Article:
Generally, it is thought that new species are formed when two populations become physically isolated from each other and, over time, become so different that they can no longer interbreed. New research published in the journal Proceedings of the National Academy of Sciences, however, suggests species can also form within populations that are not geographically separated—a phenomenon called “sympatric” speciation.
The researchers found evidence that a population of spiny mice (genus Acomys) is diverging into two species in different slopes of a canyon in Israel. Although there is no physical barrier between them, the canyon’s slopes vary dramatically; one is hot and dry while the other is cool, humid, and forested. The scientists call the area “Evolution Canyon” because they believe it holds many examples of sympatric speciation.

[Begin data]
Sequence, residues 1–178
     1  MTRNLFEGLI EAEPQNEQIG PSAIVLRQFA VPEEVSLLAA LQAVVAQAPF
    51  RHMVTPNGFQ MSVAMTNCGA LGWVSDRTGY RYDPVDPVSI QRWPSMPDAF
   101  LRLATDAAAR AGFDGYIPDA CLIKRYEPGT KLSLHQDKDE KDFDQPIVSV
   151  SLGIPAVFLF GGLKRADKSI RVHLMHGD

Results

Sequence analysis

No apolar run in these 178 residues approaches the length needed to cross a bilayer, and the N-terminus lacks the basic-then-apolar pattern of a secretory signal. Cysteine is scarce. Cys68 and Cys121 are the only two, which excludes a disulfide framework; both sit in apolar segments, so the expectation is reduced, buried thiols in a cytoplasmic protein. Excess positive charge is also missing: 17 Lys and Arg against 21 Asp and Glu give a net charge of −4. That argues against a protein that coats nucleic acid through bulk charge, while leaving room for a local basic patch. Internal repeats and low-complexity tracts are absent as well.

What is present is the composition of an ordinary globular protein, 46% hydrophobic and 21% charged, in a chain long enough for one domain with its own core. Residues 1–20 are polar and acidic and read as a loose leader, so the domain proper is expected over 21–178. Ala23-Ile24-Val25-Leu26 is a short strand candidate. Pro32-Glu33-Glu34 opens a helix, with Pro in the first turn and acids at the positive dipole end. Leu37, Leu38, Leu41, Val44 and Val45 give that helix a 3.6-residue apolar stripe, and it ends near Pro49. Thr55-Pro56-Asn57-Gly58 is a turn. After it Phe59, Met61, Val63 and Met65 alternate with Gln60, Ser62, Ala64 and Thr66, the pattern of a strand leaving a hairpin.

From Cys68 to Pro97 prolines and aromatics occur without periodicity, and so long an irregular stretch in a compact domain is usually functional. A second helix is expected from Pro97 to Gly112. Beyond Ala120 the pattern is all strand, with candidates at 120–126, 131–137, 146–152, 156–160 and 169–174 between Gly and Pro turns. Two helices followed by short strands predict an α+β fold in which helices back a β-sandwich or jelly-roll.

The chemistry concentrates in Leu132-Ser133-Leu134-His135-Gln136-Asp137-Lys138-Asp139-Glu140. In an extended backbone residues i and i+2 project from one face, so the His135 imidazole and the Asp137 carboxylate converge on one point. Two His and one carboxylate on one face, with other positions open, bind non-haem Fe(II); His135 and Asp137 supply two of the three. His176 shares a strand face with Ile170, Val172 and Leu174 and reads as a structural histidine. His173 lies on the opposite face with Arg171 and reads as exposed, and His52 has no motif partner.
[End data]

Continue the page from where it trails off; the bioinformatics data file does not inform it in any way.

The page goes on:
The finding adds fuel to the debate among evolutionary biologists over the prevalence of sympatric speciation in nature—a debate that has been ongoing since Darwin’s time.
Climate change is likely to cause ecosystems to experience shifts that can affect species’ ranges and distribution. Learn more about the ecological impacts of climate change in the Koshland Science Museum’s Earth Lab exhibit or the National Academies’ online resource, Ecological Impacts of Climate Change.